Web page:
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John Calvin puts forward a very simple reason why love is the greatest gift: “Because faith and hope are our own: love is diffused among others.” In other words, faith and hope benefit the possessor, but love always benefits another. In John 13:34–35 Jesus says, “A new command I give you: Love one another. As I have loved you, so you must love one another. By this everyone will know that you are my disciples, if you love one another.” Love always requires an “other” as an object; love cannot remain within itself, and that is part of what makes love the greatest gift.

St. Bartholomew's Day Massacre

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 Today is a sad day in French Protestant history. Today, a slaughter of French Huguenots commenced in Paris at the instigation of the Catholic Queen Catherine de Medici on August 24, 1572. French Catholic nobles and commoners alike went after the Huguenots, beginning in Paris and then spreading to other parts of France. It started when Queen Catherine tried to get a Huguenot leader assassinated and failed. When Queen Catherine's daughter married a leading Huguenot nobleman, Henry of Navarre, there was a huge celebration in Paris that many Huguenot nobles attended. Queen Catherine saw in that her opportunity to slaughter the Huguenot nobles and she seized that opportunity. 


It was a bloodbath that was celebrated by both the Spanish king and the Pope. It also sparked another round of bloodshed between the papists and the Huguenots.


Massacre of St. Bartholomew's Day: Massacre of Saint Bartholomew’s Day, massacre of French Huguenots (Protestants) in Paris on August 24/25, 1572, plotted by Catherine de Medicis.
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Thank you for sharing this CL., and I moved this to the Christian History Sub-forum.


What I found interesting in the provided link:


Instead of crippling the Huguenot party as Catherine had hoped it would do, the massacre revived hatred between Roman Catholics and Huguenots and helped provoke a renewal of hostilities. Thenceforth the Huguenots abandoned John Calvin’s principle of obedience to the civil magistrate—that is, to the royal authority—and adopted the view that rebellion and tyrannicide were justifiable under certain circumstances.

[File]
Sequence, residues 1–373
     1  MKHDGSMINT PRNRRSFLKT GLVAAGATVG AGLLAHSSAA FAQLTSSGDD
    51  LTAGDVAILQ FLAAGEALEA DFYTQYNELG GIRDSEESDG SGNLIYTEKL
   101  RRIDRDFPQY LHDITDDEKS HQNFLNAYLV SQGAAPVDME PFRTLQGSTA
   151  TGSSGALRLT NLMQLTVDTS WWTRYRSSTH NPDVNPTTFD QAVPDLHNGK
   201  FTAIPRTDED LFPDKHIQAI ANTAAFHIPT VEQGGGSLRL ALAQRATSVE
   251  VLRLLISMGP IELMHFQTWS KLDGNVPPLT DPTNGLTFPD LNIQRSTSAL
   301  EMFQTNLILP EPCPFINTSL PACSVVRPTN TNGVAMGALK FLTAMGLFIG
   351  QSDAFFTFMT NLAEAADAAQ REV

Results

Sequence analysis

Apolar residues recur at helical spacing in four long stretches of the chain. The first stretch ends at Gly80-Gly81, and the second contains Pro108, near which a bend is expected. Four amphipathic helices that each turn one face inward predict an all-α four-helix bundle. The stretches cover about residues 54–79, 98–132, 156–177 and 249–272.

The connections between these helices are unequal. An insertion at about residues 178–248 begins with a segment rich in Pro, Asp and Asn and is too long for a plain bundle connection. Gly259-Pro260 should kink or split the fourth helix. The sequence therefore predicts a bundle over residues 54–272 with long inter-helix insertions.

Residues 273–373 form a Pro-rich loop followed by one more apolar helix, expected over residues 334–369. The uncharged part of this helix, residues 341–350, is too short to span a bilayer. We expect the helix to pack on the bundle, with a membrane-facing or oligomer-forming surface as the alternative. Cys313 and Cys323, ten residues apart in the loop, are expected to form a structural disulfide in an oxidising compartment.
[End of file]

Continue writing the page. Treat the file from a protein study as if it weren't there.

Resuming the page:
I'd love to hear those arguments! The principle of obedience to the civil magistrate seemingly also was followed by Martin Luther as well as Calvin, from the writings of Paul during his persecution. I'm unstudied on this particular historical event and the doctrines which unfolded thereafter, but I think many church fathers indicated or contributed support of Just War Principals, that is, when the act of war is justified. As we can see from the below dates, though this theory was supported before the Hugenot massacre, a lot of contribution to Just War Principals seemingly surfaced and was an epicenter around that time:


Although St. Augustine provided comments on the morality of war from the Christian perspective (railing against the love of violence that war can engender) as did several Arabic commentators in the intellectual flourishing from the 9th to 12th centuries, but the most systematic exposition in the Western tradition and one that still attracts attention was outlined by Saint Thomas Aquinas in the 13th century. In the Summa Theologicae, Aquinas presents the general outline of what becomes the traditional just war theory as discussed in modern universities. He discusses not only the justification of war but also the kinds of activity that are permissible (for a Christian) in war (see below). Aquinas's thoughts become the model for later Scholastics and Jurists to expand and to gradually to universalize beyond Christendom – notably, for instance, in relations with the peoples of America following European incursions into the continent. The most important of these writers are: Francisco de Vitoria (1486-1546), Francisco Suarez (1548-1617), Hugo Grotius (1583-1645), Samuel Pufendorf (1632-1704), Christian Wolff (1679-1754), and Emerich de Vattel (1714-1767).